I test content of a set of data files whether they contain at least one of a set of characters which consists of printing and non-printing characters.

My last issue is detecting whether the file contains a line-feed. My GNU grep 3.0 states every input contains a LF... Why is that?

echo -n "test" | grep -UF -e $'\x0a'

Any ideas? I suspect some implicit EOL/EOF interference.


grep is line-oriented - if the input does not end with a newline, it still considers the text past the last newline (or start of file) as a line.

Line-oriented programs are a poor fit for directly processing binary files - they will often have pathological cases if a binary file has a particularly long "line".

Instead, consider something like a combination of tr and cmp:

$ echo -n foo | tr -d -c $'\n' | cmp /dev/null - 
# no output and exits with status 0

$ echo foo | tr -d -c $'\n' | cmp /dev/null -
cmp: EOF on /dev/null which is empty
# exits with status 1

This method also has the advantage of needing to read the input only up to the first newline character (plus buffering).

  • Just a side note: man tr mentions the way how to specify the non-printing characters - via octal value \NNN – Yuri Jul 26 '18 at 11:08
  • But buffering will actually mean that it needs to read something like 4096 lines before tr starts to output anything (see seq 5000 | strace -e write tr -cd '\n' > /dev/null) – Stéphane Chazelas Jul 26 '18 at 14:14

From the POSIX specification of grep:

Regular expression matching shall be based on text lines. Since a <newline> separates or terminates patterns [...], regular expressions cannot contain a <newline>. Similarly, since patterns are matched against individual lines (excluding the terminating <newline> characters) of the input, there is no way for a pattern to match a <newline> found in the input.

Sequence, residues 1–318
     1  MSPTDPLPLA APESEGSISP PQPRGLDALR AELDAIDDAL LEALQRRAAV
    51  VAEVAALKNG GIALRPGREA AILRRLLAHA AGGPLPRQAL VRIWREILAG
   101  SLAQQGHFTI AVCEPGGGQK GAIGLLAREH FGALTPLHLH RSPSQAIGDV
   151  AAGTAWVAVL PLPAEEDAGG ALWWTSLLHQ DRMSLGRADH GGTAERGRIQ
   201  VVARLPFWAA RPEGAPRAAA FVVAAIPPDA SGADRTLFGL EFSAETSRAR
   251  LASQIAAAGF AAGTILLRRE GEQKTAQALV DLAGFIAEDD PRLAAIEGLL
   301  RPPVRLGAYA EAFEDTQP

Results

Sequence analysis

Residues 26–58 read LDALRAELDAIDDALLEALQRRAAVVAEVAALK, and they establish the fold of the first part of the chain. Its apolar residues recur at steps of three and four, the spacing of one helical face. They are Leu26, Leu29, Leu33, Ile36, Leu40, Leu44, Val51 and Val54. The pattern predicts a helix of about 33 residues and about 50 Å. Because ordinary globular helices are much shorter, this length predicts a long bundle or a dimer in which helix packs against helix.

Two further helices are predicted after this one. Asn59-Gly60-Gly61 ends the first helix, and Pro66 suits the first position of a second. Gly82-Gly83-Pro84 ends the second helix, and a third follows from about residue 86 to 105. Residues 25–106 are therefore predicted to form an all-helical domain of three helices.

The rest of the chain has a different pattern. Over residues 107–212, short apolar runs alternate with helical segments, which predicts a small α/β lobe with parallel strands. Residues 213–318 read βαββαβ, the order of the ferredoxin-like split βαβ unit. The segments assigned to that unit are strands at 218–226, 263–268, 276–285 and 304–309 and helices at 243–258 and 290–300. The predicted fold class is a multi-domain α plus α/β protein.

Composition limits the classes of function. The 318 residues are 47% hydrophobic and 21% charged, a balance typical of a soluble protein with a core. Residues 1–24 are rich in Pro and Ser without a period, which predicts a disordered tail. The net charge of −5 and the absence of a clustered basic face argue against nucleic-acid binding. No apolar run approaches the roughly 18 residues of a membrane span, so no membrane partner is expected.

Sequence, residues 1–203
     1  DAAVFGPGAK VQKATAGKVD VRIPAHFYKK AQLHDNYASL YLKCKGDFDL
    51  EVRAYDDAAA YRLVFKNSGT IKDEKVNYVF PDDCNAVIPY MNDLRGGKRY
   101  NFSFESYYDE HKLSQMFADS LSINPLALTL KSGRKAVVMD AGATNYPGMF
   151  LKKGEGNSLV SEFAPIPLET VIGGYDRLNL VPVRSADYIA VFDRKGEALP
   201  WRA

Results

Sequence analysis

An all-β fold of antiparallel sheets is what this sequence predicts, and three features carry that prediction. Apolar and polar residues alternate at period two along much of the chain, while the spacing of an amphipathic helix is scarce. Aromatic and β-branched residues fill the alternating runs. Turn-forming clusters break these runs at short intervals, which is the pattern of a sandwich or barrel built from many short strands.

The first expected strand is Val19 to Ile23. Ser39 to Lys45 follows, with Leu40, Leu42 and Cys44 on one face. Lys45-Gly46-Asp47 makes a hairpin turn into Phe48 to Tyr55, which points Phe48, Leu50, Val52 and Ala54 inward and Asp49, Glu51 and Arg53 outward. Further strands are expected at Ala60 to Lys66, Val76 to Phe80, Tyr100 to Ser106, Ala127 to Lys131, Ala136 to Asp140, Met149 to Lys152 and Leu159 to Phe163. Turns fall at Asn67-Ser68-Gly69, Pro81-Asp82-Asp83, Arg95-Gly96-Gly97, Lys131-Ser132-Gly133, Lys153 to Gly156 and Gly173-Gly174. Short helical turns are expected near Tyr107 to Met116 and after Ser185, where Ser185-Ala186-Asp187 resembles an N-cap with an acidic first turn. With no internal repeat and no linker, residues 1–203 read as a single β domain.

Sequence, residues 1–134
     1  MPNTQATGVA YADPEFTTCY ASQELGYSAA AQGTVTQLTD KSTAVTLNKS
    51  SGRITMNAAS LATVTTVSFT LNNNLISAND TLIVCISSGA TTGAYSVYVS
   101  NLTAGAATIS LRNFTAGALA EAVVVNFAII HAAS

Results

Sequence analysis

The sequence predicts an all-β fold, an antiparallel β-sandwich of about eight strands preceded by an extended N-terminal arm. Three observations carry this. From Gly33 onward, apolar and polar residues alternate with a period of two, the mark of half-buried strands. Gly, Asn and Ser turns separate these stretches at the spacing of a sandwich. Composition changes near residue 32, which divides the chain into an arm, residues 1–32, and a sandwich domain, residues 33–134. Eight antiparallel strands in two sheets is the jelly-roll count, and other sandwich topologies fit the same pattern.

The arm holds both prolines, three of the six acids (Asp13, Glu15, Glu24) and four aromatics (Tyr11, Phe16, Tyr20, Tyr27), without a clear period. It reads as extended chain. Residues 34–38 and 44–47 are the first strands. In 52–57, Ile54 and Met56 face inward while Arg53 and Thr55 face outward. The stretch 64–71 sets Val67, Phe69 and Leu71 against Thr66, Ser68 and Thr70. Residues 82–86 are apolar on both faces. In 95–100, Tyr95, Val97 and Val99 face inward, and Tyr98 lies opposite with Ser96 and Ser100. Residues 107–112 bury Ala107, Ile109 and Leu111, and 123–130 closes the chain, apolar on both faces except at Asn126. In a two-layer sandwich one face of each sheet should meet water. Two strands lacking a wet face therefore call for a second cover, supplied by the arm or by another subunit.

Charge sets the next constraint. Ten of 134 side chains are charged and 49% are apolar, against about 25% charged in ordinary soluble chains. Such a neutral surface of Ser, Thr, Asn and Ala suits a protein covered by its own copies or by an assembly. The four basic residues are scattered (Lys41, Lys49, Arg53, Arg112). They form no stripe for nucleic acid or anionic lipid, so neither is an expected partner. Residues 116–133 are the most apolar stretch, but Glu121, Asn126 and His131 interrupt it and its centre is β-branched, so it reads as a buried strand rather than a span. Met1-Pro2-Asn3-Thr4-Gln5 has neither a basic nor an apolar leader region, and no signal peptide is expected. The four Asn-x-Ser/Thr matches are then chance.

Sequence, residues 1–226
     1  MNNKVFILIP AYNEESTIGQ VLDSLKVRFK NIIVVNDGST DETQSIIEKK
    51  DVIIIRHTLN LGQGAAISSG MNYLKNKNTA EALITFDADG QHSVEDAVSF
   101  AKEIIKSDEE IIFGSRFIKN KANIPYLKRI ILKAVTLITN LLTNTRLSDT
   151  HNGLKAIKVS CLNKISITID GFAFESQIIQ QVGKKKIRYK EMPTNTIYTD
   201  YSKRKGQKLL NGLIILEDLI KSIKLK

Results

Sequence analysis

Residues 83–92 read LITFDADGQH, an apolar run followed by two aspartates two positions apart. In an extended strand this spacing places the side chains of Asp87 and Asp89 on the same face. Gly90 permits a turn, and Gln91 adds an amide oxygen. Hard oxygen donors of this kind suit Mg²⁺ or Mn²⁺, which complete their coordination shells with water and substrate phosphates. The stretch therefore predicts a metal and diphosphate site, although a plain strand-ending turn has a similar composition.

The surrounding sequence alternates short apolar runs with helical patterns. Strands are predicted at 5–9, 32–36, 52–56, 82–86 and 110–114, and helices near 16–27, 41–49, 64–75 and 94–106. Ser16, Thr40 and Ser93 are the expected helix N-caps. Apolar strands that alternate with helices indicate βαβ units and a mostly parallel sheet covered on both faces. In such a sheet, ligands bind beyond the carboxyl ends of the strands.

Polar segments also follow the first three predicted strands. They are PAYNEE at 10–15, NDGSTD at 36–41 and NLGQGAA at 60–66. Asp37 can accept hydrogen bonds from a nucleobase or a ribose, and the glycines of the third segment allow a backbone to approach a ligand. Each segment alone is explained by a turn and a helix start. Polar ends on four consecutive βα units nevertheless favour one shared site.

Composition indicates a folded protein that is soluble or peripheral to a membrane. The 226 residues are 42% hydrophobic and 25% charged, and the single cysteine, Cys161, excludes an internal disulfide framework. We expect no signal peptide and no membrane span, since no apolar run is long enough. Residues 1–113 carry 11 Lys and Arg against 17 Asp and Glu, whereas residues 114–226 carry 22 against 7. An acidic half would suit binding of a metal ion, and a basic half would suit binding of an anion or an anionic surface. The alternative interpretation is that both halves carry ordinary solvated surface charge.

To check whether input contains a linefeed character, which is the same as a newline character on Unix, you may count the number of lines with wc -l:

lines=$( wc -l <inputfile )
if [ "$lines" -gt 0 ]; then
    echo 'Input had a linefeed character in it'

Or, if you have a string:

lines=$( printf '%s' "$string" | wc -l )
# etc.
  • @StephenKitt Check the manual page. Among other things, "This option has no effect on platforms other than MS-DOS and MS-Windows" makes it pretty clear that this is not the case. – Vladimir Panteleev Jul 26 '18 at 9:47
  • Oh right sorry, it only strips CRs, right. – Stephen Kitt Jul 26 '18 at 9:47

Your Answer

By clicking “Post Your Answer”, you agree to our terms of service, privacy policy and cookie policy

Not the answer you're looking for? Browse other questions tagged or ask your own question.